The Michigan Wolverines aren't a one-man team.
But Wolverines senior quarterback Denard Robinson is a one-man wrecking crew with capabilities beyond those of most athletes.
Saturday's game against the Air Force Falcons is, without question, important for the Wolverines, who were disposed of—and quite easily—by the now top-ranked Alabama Crimson Tide, 41-14, this past Saturday at Cowboys Stadium in Arlington.
But this Saturday's duel with the high-flying Falcons could prove to be more important than the Alabama game for Robinson, whether he feels that way or not.
Think about it.
After rushing for just 27 yards in an embarrassing loss to the Tide, Robinson's Heisman Trophy hopes nearly vanished, if only for a week. He was a preseason favorite to win the stiff-armed trophy, and his abysmal showing against Alabama prompted some to call him overrated.
Adding fuel to that fire were Tweets courtesy of Michigan State Spartans players like Denicos Allen, Kyle Artinian and others.
Wolverines coach Brady Hoke took the high road, saying that the Tweets weren't really worth discussing. Spartans coach Mark Dantonio apologized for his players' antics, and ESPN analyst Kirk Herbstreit called the Tweets a "clown move" on the part of Michigan State players.
Robinson, unfazed, didn't really care either way. He's too focused to feed into the childish back-and-forth Twitter-jab mania.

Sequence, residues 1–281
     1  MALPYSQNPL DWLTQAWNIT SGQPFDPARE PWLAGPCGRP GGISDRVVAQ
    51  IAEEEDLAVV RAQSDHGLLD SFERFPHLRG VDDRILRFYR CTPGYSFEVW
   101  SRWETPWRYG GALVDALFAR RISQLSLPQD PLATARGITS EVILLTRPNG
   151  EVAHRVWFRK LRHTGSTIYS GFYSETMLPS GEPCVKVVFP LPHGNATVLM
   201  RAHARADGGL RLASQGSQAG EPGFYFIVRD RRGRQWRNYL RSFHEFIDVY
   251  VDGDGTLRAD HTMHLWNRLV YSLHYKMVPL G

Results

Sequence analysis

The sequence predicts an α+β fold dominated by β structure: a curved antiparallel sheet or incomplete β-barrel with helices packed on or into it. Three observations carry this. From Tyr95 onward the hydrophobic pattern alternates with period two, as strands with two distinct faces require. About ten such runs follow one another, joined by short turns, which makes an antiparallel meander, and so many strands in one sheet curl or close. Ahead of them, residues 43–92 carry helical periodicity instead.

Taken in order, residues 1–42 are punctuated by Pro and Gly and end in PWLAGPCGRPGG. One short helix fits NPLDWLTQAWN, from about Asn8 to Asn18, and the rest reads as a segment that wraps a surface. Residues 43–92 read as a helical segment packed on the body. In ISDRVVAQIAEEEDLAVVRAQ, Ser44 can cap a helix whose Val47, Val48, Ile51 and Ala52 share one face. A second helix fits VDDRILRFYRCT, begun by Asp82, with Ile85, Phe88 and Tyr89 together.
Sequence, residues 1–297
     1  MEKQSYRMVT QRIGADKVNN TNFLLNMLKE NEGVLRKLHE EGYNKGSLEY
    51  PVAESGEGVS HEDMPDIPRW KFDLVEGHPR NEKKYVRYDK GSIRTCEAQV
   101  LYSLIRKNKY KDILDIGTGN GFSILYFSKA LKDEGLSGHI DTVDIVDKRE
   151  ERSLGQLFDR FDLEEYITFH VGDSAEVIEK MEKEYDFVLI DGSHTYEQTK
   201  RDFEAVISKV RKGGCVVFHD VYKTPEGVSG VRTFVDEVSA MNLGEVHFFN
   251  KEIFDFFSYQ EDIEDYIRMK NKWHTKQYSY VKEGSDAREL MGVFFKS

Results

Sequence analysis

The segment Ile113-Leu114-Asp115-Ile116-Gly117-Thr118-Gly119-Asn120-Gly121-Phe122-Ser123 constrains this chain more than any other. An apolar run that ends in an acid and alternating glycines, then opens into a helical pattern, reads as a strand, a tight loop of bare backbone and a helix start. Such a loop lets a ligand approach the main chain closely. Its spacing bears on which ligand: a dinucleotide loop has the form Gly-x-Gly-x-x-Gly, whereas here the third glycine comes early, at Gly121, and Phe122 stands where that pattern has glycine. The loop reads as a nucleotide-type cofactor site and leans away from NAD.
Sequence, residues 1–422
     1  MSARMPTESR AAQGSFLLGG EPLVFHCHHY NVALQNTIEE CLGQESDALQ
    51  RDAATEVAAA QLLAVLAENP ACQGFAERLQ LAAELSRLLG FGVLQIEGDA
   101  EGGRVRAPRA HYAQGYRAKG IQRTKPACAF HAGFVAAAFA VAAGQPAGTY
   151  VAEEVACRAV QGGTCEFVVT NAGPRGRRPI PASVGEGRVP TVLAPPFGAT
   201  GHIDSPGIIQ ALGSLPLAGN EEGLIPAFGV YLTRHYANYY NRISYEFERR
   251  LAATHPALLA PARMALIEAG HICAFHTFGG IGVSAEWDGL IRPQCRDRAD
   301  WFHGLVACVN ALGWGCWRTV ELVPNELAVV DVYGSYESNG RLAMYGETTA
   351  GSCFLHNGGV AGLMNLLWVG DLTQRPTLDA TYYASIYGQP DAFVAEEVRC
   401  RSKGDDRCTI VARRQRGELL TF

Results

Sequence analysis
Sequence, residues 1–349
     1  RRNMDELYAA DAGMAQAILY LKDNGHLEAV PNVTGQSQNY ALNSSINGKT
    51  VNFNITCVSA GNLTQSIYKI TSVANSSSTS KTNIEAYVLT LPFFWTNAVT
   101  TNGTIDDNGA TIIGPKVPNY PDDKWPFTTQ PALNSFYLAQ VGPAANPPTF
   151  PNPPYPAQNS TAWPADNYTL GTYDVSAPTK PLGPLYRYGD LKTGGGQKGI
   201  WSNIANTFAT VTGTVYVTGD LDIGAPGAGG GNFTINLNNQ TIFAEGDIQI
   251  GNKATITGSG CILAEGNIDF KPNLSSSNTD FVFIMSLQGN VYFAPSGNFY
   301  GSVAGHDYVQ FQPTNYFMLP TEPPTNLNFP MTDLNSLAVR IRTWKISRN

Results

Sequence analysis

"I heard about it but I don't think about it," Robinson said. "I'm not even worried about that right now."
He may not be worried about what Spartans players and others had to say, but it's likely that he at least thinks about the Alabama game and the effect it will have on his career's overall resume.
Robinson needs to take action Saturday.
He needs to have a "Shoelace" type of game, one where he executes insanely athletic plays to perfection, makes defenders look foolish and reminds college football pundits why he was a preseason Heisman candidate in the first place.
Michigan can't enter Week 3 with a 0-2 record. Robinson can't afford a sub-par outing against the Falcons, either.
Some would say that Robinson has nothing left to prove—and they would be right, in a sense.
However, despite the fact that he entered the season as the ninth-leading rusher in Michigan football history; despite the fact that he became the first player in NCAA history to rush and pass for more than 1,500 yards in one season (2010); and despite the fact that he could become the NCAA's most-prolific rushing quarterback, Robinson left something to be desired Sept. 1.
College football fans, not just Wolverines followers, yearn for more from the Ann Arbor campus legend. He's certainly capable of delivering—and he must, considering that he's in the final year of an otherwise star-studded collegiate career.
Follow Bleacher Report's Michigan Wolverines football writer Adam Biggers on Twitter @AdamBiggers81